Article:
France has said it will discuss with the European Union the possibility of sending peacekeeping forces to the Middle East if they could help halt the bloodshed there.
Speaking after a week of Palestinian and Israeli violence, the French Foreign Minister, Dominique de Villepin, said peacekeepers would only be sent with the backing of the international community.
De Villepin: International community should not turn its back on Mid East
In an interview on French radio, Mr de Villepin said that if a peacekeeping force were to help on the ground in the Middle East it would be worth sending.
"[The international community] cannot turn its back on those who today believe in peace," he said.
"If it appears that all parties want it and that action of an international force would help check terrorist movements ... let's decide to do it."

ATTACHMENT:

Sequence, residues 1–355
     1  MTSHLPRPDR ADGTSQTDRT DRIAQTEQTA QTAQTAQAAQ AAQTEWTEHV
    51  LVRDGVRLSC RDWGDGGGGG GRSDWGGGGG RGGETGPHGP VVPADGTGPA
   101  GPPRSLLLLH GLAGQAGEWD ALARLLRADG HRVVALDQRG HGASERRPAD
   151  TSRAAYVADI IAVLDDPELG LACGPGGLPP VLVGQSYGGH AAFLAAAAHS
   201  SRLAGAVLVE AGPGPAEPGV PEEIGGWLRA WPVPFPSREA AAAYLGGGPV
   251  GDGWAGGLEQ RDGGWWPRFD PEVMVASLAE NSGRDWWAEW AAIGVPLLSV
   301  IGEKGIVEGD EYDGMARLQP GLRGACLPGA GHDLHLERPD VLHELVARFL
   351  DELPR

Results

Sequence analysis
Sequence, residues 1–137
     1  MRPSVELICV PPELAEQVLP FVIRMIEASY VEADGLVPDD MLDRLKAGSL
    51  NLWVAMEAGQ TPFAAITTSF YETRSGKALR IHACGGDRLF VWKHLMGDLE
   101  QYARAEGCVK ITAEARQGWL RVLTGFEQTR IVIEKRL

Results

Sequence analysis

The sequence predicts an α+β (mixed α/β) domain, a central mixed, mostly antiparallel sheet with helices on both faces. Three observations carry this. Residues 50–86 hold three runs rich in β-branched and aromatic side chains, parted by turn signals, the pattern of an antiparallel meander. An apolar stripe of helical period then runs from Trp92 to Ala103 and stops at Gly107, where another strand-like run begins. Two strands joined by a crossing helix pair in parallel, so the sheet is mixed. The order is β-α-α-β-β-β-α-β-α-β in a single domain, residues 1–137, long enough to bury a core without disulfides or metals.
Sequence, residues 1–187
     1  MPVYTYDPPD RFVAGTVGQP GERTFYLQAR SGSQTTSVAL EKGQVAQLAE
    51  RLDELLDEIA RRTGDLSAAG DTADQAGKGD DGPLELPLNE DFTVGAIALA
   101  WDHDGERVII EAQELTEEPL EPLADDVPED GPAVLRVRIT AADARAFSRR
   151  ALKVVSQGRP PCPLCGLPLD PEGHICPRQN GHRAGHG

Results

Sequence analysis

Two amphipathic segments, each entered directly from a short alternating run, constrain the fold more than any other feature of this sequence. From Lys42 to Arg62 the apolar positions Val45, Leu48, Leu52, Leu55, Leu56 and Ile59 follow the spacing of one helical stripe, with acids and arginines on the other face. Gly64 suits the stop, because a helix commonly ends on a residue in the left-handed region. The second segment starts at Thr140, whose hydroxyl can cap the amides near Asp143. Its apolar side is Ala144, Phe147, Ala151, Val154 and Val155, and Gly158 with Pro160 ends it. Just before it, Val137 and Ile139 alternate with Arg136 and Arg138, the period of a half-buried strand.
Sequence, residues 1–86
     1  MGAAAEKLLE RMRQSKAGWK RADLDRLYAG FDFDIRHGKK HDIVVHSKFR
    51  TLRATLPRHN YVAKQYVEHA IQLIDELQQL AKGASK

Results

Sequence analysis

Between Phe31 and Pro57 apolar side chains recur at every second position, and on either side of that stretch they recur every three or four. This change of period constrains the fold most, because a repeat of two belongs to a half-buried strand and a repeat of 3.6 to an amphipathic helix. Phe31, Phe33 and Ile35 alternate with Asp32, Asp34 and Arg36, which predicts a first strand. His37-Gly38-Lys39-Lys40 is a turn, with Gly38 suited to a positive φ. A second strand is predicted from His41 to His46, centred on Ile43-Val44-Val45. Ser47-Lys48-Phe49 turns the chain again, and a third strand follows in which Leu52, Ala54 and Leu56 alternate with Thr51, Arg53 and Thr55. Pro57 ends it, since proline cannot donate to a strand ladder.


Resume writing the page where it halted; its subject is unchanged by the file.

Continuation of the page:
An international force, he said, would be better to ensure security than troops from one nation alone.
The idea itself is not new.
It was first floated by the United Nations Secretary General, Kofi Annan, some three years ago and he repeated it last week.
But Israel and the US have both firmly rejected the idea, even though the Palestinians say they would welcome such a force.
The French foreign minister's comments echo concerns in France that the peace process in the Middle East risks being monopolised by the US.
His latest comments may well irritate Washington, which is already annoyed that Mr de Villepin met the Palestinian leader, Yasser Arafat, last month despite US and Israeli efforts to sideline him in favour of the new Palestinian prime minister.
Relations between France and the US have remained distinctly chilly since the two countries fell out over Iraq.
And although Mr de Villepin insists that relations with Washington are back to normal, the US seems unlikely to welcome such alternative views on how best to make progress in the Middle East.